A game of slides and ladders: Māori health providers and funders
Masters-Awatere, B. (2017). A game of slides and ladders: Māori health providers and funders. In S. Groot, C. van Ommen, B. Masters-Awatere, & N. Tassell-Matamua (Eds.), Precarity: Uncertain, Insecure and Unequal Lives in Aotearoa New Zealand (pp. 146–160). Massey University Press.
Permanent Research Commons link: https://hdl.handle.net/10289/13065
Devolution of government responsibility after the neo-liberal reforms of the 1980s, and the re-orientation of health services towards public health in the 1990s, created an opportunity for Māori to take control of their own health outcomes through the delivery of culturally relevant and appropriate services. By 2000 “By Maori, For Maori” service provision had burst forth as the preferred approach with Māori. While grappling with the tendency of government agencies to fund services based on pre-existing health output criteria, Māori service providers were “walking on egg shells” under the constant threat of losing their funding. Currentcontracting does not capture the extent of the work done by Māori providers to serve precariat families. Nor does it adequately acknowledge, validate or value indigenous approaches to health and wellbeing. Instead, narrow, administratively demanding and difficult to interpret contracts threaten the provision of culturally relevant services. This chapter talks about some of the creative and insightful ways Māori service providers manage contrasting cultural and contractual expectations.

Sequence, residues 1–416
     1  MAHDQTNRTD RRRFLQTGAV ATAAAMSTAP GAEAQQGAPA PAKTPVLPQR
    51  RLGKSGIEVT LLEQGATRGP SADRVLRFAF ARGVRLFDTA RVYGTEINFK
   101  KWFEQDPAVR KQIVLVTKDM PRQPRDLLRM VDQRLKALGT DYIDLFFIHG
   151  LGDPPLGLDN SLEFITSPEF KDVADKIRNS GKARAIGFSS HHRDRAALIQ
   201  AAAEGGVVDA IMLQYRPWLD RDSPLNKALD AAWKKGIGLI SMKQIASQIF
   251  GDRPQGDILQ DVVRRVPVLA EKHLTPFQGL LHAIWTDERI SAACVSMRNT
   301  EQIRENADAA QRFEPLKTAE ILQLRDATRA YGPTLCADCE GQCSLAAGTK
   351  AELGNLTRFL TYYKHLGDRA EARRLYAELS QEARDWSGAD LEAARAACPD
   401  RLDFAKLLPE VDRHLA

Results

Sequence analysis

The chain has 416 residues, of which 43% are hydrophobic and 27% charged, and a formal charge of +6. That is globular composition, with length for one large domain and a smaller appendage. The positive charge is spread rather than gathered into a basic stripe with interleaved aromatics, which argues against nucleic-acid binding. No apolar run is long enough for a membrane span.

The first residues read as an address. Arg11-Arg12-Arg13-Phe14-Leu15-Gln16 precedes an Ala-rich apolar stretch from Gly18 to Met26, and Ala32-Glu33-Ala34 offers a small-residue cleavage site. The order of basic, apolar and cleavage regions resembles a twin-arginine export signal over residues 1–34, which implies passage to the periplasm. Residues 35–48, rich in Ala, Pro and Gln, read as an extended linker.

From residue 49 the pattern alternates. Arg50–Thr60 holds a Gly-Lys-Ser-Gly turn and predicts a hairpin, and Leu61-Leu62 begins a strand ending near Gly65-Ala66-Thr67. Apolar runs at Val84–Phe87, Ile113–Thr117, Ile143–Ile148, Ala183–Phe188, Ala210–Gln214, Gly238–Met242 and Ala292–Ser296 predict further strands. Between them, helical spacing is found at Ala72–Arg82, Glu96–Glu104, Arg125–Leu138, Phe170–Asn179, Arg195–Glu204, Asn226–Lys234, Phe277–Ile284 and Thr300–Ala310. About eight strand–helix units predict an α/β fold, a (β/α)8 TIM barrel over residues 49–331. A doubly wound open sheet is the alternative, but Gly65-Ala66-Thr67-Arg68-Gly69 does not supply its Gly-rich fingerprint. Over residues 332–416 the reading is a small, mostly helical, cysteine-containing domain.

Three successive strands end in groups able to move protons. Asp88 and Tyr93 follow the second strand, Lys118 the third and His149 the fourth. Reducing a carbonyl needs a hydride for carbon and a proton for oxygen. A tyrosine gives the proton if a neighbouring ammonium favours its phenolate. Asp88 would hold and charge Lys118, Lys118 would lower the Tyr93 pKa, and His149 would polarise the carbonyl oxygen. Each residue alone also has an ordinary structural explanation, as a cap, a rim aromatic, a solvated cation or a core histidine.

Massey University Press
© 2017 copyright with the author.